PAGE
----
Of course, if you’re an Aussie gamer, you can guess where I steered the conversation next. The R18+ debate. What does the premier think about the proposal to bring Australian videogame classification into line with that of films? Mr Bartlett replied that “they’d just had a paper go through cabinet” and “had, as a government, made some decisions on this” but he’d need to refer me to the Tasmanian Attorney General’s office.
They’re “still finalising their position.” Hmm. Sadly, I doubt any AG’s office will lay their cards on the table until the next national meeting, on November 4 & 5.
Getting back to Mr Bartlett… I noticed in my research he’d done a computing sub-major… as well as teaching secondary maths, science and IT. This leads me to a vital non-gaming question.
Is he a fan of The IT Crowd?
(He laughs) “I LOVE the IT Crowd!” Got a favourite character? “That’s a tough one. They’re all so unlikeable, and yet, I can relate to them at the same time…” OK, confession time. Mr Bartlett, have you ever told someone to “Just turn it off and on again” without listening to their PC problem?
He roared with delight. “ALWAYS! That was the standard response; ‘Have you tried turning it on and off’.” (laughs)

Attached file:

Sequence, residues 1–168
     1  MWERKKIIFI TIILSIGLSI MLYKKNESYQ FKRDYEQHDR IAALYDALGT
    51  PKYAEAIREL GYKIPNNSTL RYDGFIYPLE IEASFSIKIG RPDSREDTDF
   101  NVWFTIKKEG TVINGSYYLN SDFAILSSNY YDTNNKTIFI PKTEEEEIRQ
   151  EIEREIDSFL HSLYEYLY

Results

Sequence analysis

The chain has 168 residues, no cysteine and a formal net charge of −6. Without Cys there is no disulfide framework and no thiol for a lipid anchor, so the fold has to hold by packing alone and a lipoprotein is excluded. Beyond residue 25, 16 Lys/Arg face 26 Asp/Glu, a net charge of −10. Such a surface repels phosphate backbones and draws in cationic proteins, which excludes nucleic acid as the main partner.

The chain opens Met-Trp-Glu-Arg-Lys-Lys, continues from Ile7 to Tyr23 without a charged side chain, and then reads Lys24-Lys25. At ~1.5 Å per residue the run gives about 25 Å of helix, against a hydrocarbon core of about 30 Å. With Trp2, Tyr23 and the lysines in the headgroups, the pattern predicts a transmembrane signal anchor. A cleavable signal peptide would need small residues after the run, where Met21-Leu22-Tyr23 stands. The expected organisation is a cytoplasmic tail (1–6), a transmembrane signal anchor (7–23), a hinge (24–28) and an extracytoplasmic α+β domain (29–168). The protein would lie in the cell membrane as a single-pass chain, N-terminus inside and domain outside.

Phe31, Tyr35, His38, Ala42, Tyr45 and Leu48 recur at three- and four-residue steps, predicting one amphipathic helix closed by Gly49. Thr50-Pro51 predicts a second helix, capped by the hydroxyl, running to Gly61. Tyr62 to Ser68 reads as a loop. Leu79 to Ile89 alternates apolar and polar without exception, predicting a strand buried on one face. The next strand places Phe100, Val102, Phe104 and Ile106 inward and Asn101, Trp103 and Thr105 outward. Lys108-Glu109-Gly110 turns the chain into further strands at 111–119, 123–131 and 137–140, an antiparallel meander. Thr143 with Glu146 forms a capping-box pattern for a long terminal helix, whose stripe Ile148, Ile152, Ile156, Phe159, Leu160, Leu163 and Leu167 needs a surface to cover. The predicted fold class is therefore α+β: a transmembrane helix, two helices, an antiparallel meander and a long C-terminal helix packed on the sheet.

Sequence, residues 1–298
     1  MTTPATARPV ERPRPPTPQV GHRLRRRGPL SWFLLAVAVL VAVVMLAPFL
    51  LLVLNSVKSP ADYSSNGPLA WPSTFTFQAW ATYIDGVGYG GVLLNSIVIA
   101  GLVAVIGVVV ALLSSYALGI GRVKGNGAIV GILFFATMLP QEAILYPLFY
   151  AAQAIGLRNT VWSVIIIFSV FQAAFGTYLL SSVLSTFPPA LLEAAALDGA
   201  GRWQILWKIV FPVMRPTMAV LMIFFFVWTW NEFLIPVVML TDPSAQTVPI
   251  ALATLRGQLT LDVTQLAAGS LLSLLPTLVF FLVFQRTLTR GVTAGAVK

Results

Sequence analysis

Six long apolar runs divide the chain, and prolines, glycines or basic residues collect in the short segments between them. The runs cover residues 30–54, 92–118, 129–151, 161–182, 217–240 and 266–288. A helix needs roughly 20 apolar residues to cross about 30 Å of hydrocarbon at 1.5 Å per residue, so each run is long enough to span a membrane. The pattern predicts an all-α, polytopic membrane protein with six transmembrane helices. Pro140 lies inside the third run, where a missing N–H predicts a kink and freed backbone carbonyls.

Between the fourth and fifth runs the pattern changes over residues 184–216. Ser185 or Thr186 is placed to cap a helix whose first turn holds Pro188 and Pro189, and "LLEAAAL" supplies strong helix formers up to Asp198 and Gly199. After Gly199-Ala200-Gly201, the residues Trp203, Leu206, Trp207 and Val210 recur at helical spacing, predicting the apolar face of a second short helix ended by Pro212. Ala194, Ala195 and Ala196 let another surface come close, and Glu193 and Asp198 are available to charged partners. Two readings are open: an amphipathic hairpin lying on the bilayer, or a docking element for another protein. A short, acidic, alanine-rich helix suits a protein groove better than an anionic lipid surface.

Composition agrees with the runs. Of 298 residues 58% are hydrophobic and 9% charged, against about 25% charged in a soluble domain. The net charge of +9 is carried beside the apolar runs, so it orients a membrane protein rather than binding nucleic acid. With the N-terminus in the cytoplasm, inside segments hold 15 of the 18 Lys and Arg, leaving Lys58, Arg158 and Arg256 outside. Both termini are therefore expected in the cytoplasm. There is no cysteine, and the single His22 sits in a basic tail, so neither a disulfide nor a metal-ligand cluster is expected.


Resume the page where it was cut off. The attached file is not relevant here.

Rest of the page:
Unfortunately, my time with the premier was very limited. Time to go out with a bang. I asked Mr Bartlett which one of these 3 fictional acts of parliament he’d support?
- A free copy of Ty the Tasmanian Tiger, for every Tasmanian child.
- A new ‘med cert’, to be used by gamers the day after a big game release.
- “Videogame history” to be added to Tasmania’s school curriculum.
He laughed, and replied with mock seriousness…
“Oh, number 3. Definitely.”
The Game On 2.0 exhibition wraps up this weekend, at Queen Victoria Museum and Art Gallery, Inveresk, Launceston, Tasmania. Its next appearance will be in Greece. Further shows are yet to be announced.
This article couldn’t have happenned without outstanding help from Premier David Bartlett, Rowan Dix, Belinda King, WingtipVortex, Dkong, Rat, plus Graham Bartlett for the David Bartlett photo & Martin Goldberg for the Pong console photo.